Art by Melissa Clark,
Art by Melissa Clark,

The Hearts of the Fathers

by Jeanine Bee

My dad thinks he only taught me one thing growing up. Every chance he got he would remind us, “Kids, never fight a monkey.” I’m not sure what internet video or TV special he saw about fighting monkeys that prompted him to make this his motto, but it is something I’ll always remember. Once, our home teacher shared with us a moment he had when he reminded his daughter of one of those oft repeated Mormon adages. Something like “The spirit goes to bed at 10:00,” or “Modest is Hottest.” His daughter had heeded his sage advice and, of course, avoided something major, like an explosion at a nearby gas station or a freak tornado. After that story my dad said, “I wish I had taught my children something worthwhile like that.” My brother and I piped in, “Dad! You did teach us something important! Remember? ‘Never fight a monkey!’” My dad looked a little embarrassed at our praise.

After that home teaching appointment I spent a while trying to extract meaning from my father’s words of wisdom. I wanted him to feel better about this lasting memory he had created for his children. Maybe the monkey was a metaphor for temptation. If you avoid temptation at all costs you don’t have to worry about it. But if you go to the zoo and watch temptation, even behind reinforced steel bars, it will throw feces at you. Worse yet, if you try to take a picture with temptation, it can reach through the bars and bite your hand off. Or maybe the monkey was a symbol of the spirit. You keep the spirit with you, and if you always listen to him and heed his warnings, you won’t have any problems. On the other hand, if you try to fight the spirit you will lose, and probably end up missing several fingers and at least one ear. In this metaphor the spirit has razor sharp teeth and can heft 600 pounds above his head without breaking a sweat.

Over the years my dad tried to instill in me several other morsels of wisdom. When confronting me about my contraband boyfriend in sixth grade, he reminded me, “If you resist the temptation now it won’t be so hard later.” When confronting me about my contraband boyfriend in ninth grade, he said, “Boys only want one thing.” When confronting me about my contraband boyfriend in eleventh grade, he sighed. “I wish you would learn from the things your mom and I have been trying to tell you.” (In hindsight, I can see why he thought I wasn’t taking any of his advice to heart.)

Of course, there were other situations in which my father used these dad-isms. One I distinctly remember was after a long battle over my math homework. My dad had insisted that we go over each and every answer together, ensuring that I completely understood the principles of algebra that I was supposed to be learning. All I wanted was to be excused from the table so I could call my boyfriend… I mean… read a book… to some orphans. My dad got so excited about the math that I was learning, that he took the opportunity to explain to me why I was learning how to use sine, cosine, and tangent (or SIN, COS, and TAN, as I liked to call them). He drew a long curve that was supposed to be a small part of a circle and started a ten-minute lecture about measuring the length of a curve. After my exaggerated sighs became louder than his speaking voice and I was slouched so far down in my chair that my head was the only part of my body touching the backrest, the lecture came to a close. My dad looked at me seriously and said, “You know, you’ll only get out of it what you put into it.” I stopped moaning, sat up in my chair, and looked at my dad. Then I rolled my eyes at him. Yes, I decisively joined the club of eye-rollers—presided over jointly by Laman and Leumel. (Alma the Younger had a good run as treasurer before he absconded.)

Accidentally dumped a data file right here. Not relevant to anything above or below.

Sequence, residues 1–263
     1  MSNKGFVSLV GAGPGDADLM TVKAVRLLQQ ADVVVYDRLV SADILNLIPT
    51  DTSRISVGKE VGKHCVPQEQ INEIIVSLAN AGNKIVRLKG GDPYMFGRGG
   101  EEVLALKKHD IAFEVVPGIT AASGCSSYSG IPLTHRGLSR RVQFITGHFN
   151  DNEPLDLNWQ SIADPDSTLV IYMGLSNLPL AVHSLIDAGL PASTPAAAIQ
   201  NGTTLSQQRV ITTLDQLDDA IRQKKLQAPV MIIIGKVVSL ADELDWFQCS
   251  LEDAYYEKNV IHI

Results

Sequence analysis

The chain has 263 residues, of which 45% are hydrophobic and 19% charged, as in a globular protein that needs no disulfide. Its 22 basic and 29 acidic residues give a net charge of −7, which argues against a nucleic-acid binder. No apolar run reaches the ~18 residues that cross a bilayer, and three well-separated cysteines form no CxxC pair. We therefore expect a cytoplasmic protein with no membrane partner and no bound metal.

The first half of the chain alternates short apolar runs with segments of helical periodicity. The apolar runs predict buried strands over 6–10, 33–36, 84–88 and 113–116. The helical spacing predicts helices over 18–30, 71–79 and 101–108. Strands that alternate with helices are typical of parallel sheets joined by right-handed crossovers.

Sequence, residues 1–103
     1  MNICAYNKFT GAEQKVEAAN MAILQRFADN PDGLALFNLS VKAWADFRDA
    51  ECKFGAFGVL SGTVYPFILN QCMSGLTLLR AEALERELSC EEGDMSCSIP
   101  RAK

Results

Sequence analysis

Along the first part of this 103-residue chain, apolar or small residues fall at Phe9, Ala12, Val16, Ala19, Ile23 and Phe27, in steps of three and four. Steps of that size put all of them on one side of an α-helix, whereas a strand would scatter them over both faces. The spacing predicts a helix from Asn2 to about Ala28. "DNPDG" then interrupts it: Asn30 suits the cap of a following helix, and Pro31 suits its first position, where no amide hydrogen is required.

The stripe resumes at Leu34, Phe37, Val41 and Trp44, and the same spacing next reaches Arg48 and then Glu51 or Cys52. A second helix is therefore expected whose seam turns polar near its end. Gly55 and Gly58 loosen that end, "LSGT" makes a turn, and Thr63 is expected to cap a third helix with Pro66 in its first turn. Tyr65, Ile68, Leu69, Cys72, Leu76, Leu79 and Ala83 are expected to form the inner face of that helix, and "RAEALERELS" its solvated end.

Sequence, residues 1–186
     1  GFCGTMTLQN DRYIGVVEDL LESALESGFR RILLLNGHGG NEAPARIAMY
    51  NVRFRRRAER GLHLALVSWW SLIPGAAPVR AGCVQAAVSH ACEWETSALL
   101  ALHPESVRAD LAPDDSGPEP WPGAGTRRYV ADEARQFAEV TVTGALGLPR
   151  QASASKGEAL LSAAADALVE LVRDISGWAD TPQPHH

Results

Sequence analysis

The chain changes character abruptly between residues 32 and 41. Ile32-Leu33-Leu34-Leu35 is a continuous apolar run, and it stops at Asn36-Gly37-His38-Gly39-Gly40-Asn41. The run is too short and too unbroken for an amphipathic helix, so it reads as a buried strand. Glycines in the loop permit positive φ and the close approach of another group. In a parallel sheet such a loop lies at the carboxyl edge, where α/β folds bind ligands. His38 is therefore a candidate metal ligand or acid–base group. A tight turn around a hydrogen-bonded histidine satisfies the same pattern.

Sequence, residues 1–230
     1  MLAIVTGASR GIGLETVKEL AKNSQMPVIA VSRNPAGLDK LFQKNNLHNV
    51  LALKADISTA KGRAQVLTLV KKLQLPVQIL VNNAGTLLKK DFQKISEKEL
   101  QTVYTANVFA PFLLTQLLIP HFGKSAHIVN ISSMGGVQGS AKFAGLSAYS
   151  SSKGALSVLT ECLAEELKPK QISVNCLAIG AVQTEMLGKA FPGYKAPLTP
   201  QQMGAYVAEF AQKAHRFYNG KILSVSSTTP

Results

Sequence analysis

In all those angst-filled years that my father spent trying to teach me, the only maxim that I truly took to heart without question or attitude was “never fight a monkey.” And after that home teacher’s visit my father believed that his righteous desire to impart wisdom to his oldest child was hinged on that one phrase.

Last month I heard about a guy who had raised a chimp to maturity. It was his pet and companion, like a huge terrier with opposable thumbs and the ability to snap your neck, given the right mood. One day this guy was playfully rough-housing with his pet chimp and the game turned ugly. The chimp went from Koko to King Kong in an instant. It was as if he suddenly remembered that he was a proud and dignified wild animal and he refused to be contained by leashes or diapers any longer. He wanted to be free—in a place where he could fling his feces whenever he so pleased. The chimp bit off the man’s fingers then, in true law-of-the-jungle fashion, went for straight for the groin. I’m willing to bet that, at that point in his life, that man wished that he had a father who had cared enough to remind him, “Never fight a monkey.” Or maybe he did, and he just rolled his eyes as his father tried his best to convince his son that he knew what he was talking about.

Jeanine Bee lives on the East coast with her husband and son, and likes to think that she was a harder-than-average teenager to raise. Not because she is proud of the fact, but because she is hoping that what goes around will not, in fact, come around. "The Hearts of the Fathers" was a finalist in the 2012 Mormon Lit Blitz.

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